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Horse Illustrated

A Chat with Steffen Peters

Read on for a Q&A with 5-time Olympian and 3-time USEF Equestrian of the Year, Steffen Peters.

Steffen Peters teaching a clinic at Equine Affaire in Massachusetts in November 2023. Photo by Xenophon Photography



Sometimes life is pretty good.



Like working as a freelance writer and covering the four-day Equine Affaire in MA for Horse Illustrated.

And sometimes life is downright awesome.

Like getting the chance to sit down with Steffen Peters for a quick interview at Equine Affaire. Our chat revealed the depth of passion that Steffen brings to the world of competitive dressage, the obvious joy he has in working with his wife Shannon at SPeters Dressage, and the lifelong hobby that lets his spirits soar.

Julie Maddock: Of all the horses you’ve worked with, which one stands out as your favorite?
Steffen Peters: That’s a tough one… It might have to be Ravel because he accomplished so much. The World Cup win is still one of my favorite moments. But Mopsie is a very, very close second.

Yes, he is referring to that Mopsie (nickname of the famous “Rave Horse” Suppenkasper; the dynamic duo’s freestyle performance set to pulsating dance music went viral. Steffen and Mopsie were part of the silver medal-winning U.S. Dressage Team at the Tokyo 2020 Olympic Games and placed in the top 10 in the Grand Prix Freestyle to Music.

JM: The Grand Prix Freestyle in Tokyo—that was so special in that it introduced dressage to a whole other world of people. How did that affect you?
SP: The one word that comes to my mind is “pride.” I was so proud of Mopsie—that he was able to address so many people… 70 million Google searches. For well-known people like Kevin Hart and Snoop Dogg to mention dressage was pretty amazing. At that time, I did receive a phone call from Kevin Hart’s producer and she said, “Can you bring Mopsie into the studio? We’d like to put Kevin on him.” I thought that would be great—Mopsie is 18.2 hands and that would be a wonderful picture with Kevin on him. And I said, “I would love to do that, but check with your insurance. See what they say.” And absolutely no—it was just too much of a liability.

JM: What advice would you give to adult amateurs new to dressage?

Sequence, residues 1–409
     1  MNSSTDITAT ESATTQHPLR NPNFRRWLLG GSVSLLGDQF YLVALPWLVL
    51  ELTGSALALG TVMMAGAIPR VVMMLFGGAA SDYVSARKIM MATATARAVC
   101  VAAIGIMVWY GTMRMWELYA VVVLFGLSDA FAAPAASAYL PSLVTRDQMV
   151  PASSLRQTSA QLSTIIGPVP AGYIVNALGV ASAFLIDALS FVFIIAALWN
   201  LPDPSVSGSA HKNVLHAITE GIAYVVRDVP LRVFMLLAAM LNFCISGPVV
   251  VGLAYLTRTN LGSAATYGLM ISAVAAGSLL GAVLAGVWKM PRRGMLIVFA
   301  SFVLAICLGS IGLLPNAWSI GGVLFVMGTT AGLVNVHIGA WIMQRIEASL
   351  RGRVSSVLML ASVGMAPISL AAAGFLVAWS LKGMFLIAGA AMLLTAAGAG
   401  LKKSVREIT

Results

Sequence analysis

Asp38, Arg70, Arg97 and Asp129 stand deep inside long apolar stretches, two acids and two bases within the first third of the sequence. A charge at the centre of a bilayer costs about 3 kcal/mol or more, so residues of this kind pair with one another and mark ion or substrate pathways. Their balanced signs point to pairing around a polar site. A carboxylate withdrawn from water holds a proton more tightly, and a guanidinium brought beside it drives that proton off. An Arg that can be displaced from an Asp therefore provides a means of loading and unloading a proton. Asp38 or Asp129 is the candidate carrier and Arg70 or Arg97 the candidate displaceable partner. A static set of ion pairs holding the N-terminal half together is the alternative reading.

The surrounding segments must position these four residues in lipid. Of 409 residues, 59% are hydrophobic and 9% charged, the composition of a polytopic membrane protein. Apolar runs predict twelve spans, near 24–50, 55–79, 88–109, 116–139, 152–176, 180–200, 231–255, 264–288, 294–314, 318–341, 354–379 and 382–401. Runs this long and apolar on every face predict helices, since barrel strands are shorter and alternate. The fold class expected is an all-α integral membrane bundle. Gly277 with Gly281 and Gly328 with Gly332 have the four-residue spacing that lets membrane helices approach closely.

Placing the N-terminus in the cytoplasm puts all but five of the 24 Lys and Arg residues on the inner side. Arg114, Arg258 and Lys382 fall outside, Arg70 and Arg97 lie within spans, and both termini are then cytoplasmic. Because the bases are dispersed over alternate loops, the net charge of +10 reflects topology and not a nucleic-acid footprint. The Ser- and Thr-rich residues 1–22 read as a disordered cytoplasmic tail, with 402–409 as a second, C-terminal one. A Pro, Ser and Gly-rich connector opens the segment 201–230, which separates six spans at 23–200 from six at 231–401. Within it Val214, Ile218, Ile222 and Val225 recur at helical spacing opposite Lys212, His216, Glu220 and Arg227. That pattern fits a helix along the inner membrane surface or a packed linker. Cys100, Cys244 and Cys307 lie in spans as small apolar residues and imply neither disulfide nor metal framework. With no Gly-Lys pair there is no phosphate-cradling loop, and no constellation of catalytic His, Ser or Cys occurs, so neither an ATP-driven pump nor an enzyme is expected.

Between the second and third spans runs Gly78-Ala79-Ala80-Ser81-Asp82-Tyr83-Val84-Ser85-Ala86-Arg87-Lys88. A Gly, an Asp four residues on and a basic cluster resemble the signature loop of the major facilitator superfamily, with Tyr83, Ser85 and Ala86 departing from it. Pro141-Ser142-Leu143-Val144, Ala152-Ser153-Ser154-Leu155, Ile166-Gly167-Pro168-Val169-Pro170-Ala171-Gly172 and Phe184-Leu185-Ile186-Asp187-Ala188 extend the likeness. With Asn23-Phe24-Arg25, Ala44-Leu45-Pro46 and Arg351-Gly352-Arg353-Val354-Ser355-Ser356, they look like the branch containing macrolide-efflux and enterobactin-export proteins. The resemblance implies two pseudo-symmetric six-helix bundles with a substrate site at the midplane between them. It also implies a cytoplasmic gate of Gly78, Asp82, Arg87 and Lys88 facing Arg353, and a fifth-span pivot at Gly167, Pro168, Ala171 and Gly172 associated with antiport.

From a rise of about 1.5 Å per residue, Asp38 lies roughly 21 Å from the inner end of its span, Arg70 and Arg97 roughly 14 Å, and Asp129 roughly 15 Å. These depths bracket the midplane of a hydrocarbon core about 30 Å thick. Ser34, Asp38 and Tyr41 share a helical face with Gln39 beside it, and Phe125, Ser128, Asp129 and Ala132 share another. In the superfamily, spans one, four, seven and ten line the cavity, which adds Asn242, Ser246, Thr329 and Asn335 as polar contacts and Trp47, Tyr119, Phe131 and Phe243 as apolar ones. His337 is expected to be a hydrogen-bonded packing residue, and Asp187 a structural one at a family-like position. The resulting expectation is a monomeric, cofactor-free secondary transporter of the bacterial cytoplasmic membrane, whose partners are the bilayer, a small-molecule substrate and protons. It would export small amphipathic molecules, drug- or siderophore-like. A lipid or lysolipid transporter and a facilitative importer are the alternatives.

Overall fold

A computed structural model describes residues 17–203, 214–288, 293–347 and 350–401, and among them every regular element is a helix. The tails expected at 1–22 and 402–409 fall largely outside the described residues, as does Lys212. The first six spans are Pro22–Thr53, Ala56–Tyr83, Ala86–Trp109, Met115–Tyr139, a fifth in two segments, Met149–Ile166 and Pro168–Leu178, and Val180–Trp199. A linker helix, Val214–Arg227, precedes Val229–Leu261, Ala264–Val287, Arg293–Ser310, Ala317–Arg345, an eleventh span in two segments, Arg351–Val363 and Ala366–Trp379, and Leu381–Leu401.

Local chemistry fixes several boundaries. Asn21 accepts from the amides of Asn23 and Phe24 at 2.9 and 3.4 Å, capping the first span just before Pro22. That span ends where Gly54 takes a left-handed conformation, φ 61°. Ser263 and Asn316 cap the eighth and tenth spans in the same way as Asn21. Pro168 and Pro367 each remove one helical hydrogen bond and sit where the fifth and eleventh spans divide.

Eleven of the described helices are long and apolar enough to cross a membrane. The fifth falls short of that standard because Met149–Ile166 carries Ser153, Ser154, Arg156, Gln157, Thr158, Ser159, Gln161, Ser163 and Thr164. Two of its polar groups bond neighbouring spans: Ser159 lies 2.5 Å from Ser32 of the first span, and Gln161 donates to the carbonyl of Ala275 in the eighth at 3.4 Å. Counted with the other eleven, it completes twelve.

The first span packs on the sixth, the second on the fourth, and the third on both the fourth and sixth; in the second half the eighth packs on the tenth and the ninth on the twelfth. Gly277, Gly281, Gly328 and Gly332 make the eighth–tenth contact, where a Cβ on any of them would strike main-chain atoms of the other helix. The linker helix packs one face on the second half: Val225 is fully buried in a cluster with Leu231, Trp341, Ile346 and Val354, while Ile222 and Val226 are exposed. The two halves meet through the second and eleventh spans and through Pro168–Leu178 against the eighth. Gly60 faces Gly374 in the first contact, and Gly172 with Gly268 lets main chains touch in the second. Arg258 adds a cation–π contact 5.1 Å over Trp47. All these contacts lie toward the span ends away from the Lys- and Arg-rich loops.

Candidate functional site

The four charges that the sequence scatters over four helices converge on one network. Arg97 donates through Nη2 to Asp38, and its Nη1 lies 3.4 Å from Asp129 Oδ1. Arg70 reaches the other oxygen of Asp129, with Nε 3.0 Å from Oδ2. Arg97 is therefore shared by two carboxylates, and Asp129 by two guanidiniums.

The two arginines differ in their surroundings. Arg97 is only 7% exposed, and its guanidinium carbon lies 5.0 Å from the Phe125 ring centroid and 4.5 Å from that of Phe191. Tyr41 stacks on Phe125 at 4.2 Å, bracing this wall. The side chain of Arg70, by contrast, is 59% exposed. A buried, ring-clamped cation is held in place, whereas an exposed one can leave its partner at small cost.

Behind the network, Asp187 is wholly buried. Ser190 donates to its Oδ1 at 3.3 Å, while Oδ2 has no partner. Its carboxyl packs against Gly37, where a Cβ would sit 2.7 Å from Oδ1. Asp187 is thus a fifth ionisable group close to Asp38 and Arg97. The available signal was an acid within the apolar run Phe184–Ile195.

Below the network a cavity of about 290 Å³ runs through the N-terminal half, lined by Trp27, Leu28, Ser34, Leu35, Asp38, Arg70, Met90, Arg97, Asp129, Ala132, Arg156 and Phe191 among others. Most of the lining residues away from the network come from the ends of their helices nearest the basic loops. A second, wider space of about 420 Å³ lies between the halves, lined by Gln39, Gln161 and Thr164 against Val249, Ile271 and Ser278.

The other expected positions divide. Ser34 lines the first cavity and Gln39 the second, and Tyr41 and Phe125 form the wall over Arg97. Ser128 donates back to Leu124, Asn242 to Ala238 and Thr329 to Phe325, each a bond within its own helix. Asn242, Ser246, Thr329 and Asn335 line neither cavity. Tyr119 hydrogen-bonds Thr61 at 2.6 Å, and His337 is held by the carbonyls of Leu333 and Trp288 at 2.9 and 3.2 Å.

SP: Everything depends on the horse. Of course, the rider has a lot to do with it. But there are so many problem horses out there. And I find that people do sell their problems a lot. I want to be super protective of anybody who is just starting in this sport. If you look at a horse—the temperament, the gaits, the conformation—it is so obvious. But the rideability of the horse, you know, how the horse listens to the contact, the way he listens to the leg aid, the seat aid, the way the horse offers some movements with more elasticity… I find that so extremely important to look for because horses are either born with that rideability or they’re not. I’ve ridden stallions with perfect conformation because of breeding purposes, but that doesn’t mean they are very rideable. So I’d much rather have a horse like Ravel that didn’t have the perfect conformation, but he was still willing, so elastic, and so supple.

JM: What are you most proud of in the creation of SPeters Dressage and Arroyo Del Mar training facility?
SP: What I am most proud of is the vision that my wife Shannon had of turning this into a 5-star boarding and training facility. This was Shannon’s baby. And when I tell people that it was Shannon’s baby, she always comments that it was “Shannon’s quadruplets”—that’s how difficult everything was. But she managed the whole construction, remodeling, everything that needed to be done, and she did that while I was in Europe. I’m very, very proud that she accomplished this.

JM: What’s next on the horizon for SPeters Dressage?
SP: We start our Olympic trials. Final team selection for Paris will be in Europe, and it would be wonderful if Mopsie could make it again.

JM: What role does support of your family play in achieving your equestrian goals?
SP: There’s no way I would be where I am today without Shanni. At the shows, she’s there and she still gets a little bit teary-eyed when things go well.

JM: What is one thing you’ve learned this past year that has made you a better horseman?
SP: I think something I have been working on for a long time is just being more patient with myself. I’ve always been pretty patient with my horses. But with myself, if I felt like I didn’t ride good enough, it used to occupy me way too long. And this idea of letting go is finally happening. I became so much better at meditation… Letting go and establishing even more calmness inside.

JM: Any interesting hobbies that allow you to just chill?
SP: Mainly flying model airplanes and gliders. It’s a really fun group of guys that we do this with. We go up to Central California, we camp out there, and I cook for the guys. It’s just a really fun way to relax.

JM: And this hobby goes back to your childhood in Germany and your dad?
SP: Yes, when I was about seven years old. Dad and I started this a long time ago. The airplane that my Dad built at that time, I still have a replica of this particular plane in my shop. It’s pretty neat.

This Q&A with Steffen Peters is a web exclusive for Horse Illustrated magazine. Click here to subscribe!

Julie Maddock

Julie Maddock is a freelance copywriter and ghostwriter who lives, writes, and rides horses in Maine.

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